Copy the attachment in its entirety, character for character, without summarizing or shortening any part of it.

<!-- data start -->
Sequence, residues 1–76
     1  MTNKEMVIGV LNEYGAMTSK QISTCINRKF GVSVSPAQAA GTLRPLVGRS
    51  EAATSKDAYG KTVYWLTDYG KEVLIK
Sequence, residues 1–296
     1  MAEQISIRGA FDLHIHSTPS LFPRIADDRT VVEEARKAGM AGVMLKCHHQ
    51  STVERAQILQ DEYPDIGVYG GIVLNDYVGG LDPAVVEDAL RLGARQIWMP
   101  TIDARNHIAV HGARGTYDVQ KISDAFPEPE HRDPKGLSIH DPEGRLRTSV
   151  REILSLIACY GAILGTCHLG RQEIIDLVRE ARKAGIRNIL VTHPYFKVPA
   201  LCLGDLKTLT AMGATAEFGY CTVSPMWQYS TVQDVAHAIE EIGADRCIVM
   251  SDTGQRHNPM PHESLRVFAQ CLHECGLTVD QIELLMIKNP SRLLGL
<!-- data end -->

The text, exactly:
Sequence, residues 1–76
     1  MTNKEMVIGV LNEYGAMTSK QISTCINRKF GVSVSPAQAA GTLRPLVGRS
    51  EAATSKDAYG KTVYWLTDYG KEVLIK
Sequence, residues 1–296
     1  MAEQISIRGA FDLHIHSTPS LFPRIADDRT VVEEARKAGM AGVMLKCHHQ
    51  STVERAQILQ DEYPDIGVYG GIVLNDYVGG LDPAVVEDAL RLGARQIWMP
   101  TIDARNHIAV HGARGTYDVQ KISDAFPEPE HRDPKGLSIH DPEGRLRTSV
   151  REILSLIACY GAILGTCHLG RQEIIDLVRE ARKAGIRNIL VTHPYFKVPA
   201  LCLGDLKTLT AMGATAEFGY CTVSPMWQYS TVQDVAHAIE EIGADRCIVM
   251  SDTGQRHNPM PHESLRVFAQ CLHECGLTVD QIELLMIKNP SRLLGL